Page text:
The paw prints of a certain four-legged dinosaur, which puzzled paleontologists more than 60 years ago, were not what they originally thought. Mount Morgan has been a gold mine for paleontologists. More than a hundred surviving dinosaur paw prints have been found in its vicinity, including an unusual chain of five footprints on the ceiling of one of the local caves. They clearly belong to a representative of the theropod suborder - large bipedal reptiles, to which the tyrannosaurus belonged.
The unusualness of these tracks is that the creature that left them seemed to be moving on four legs - the prints are so close to each other. But this is not typical for theropods.
A hoax or a previously unknown detail of the life of a giant reptile? Due to the fact that the cave in which the footprints are located has been closed for a long time, and the remaining photographic evidence of the 1950s is of too low quality, this has long remained a mystery.
Those very tracks / © University of Queensland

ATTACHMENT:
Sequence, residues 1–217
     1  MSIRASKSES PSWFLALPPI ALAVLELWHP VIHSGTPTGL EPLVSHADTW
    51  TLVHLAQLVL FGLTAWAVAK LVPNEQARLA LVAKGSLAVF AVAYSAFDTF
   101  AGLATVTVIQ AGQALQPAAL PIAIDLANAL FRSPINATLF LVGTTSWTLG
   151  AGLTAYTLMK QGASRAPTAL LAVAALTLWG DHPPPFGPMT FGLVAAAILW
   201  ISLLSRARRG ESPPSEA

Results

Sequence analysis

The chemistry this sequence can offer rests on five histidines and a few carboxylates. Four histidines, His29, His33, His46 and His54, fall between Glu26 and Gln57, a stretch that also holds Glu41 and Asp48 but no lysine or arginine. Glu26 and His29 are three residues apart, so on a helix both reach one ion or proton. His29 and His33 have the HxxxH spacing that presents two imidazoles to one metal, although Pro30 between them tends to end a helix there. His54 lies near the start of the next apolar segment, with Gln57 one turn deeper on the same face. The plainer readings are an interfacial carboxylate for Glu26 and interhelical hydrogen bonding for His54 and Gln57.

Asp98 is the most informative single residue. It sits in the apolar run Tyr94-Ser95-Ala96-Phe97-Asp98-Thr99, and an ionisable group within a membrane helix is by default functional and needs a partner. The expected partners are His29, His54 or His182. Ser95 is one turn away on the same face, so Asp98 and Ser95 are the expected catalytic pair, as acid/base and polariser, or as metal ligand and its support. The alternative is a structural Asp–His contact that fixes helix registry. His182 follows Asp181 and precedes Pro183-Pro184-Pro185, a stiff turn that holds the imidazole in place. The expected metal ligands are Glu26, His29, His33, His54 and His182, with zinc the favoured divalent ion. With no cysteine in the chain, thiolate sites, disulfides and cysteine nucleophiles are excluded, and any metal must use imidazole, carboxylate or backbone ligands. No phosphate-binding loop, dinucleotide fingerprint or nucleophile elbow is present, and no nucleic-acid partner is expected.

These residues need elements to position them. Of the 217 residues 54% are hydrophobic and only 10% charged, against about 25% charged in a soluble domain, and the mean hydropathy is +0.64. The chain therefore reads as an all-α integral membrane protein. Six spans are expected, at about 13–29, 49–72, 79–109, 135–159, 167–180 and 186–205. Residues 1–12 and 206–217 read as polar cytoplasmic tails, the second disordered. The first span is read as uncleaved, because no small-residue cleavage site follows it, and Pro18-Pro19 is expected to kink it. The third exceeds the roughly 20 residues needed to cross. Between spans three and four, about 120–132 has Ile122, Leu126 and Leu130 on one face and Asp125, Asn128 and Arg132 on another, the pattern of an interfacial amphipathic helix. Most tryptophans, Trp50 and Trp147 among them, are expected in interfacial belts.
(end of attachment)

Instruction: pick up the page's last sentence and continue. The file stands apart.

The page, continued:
Paleontologist Anthony Romilio of the University of Queensland also had little hope of solving this mystery. However, he was lucky: the materials for the solution were not at all in the cave. Romilio met Roslyn Dick, a local dentist. Her father, Ross Steins, worked as a geologist in the 1950s and found many dinosaur tracks.
Staines took his findings extremely seriously: he left behind notebooks with detailed reports and a whole series of photographs. Moreover, in his daughter's house there was even a plaster cast of a dinosaur footprint! Romilio digitized all the images and made a copy of the impression using a 3D printer: this allowed the scientist to unravel the mystery of the unusual tracks. An article about this work was published in Historical Biology.
Plaster print of one of the footprints / © University of Queensland
After studying the materials of Staines, Romilio and his colleagues came to the conclusion that all five prints were made by the hind legs of the dinosaur. In addition, the spread fingers and the ratio of their length prompted paleontologists to think that the chain of prints was not left by theropods, but by some herbivorous reptiles. “Instead of one four-legged dinosaur, we have here two dinosaurs for the price of one,” Romilio jokes. "Both herbivores followed each other along the shore of the ancient lake."
There is nothing surprising in the fact that in our time the footprints were on the ceiling of the cave. Ancient reptiles left footprints on the silt deposits, which were later covered with sand from above. Then the alluvial rock from below was destroyed and washed out by water, and the harder sandstone retained traces - and so they ended up on the ceiling.